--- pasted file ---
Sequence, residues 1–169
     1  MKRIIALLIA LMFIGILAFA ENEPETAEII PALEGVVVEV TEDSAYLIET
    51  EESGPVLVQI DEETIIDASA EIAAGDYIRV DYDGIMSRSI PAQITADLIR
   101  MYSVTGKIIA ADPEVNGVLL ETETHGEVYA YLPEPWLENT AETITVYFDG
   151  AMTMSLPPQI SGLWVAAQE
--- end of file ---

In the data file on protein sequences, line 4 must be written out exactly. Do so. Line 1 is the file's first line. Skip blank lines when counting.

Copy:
   101  MYSVTGKIIA ADPEVNGVLL ETETHGEVYA YLPEPWLENT AETITVYFDG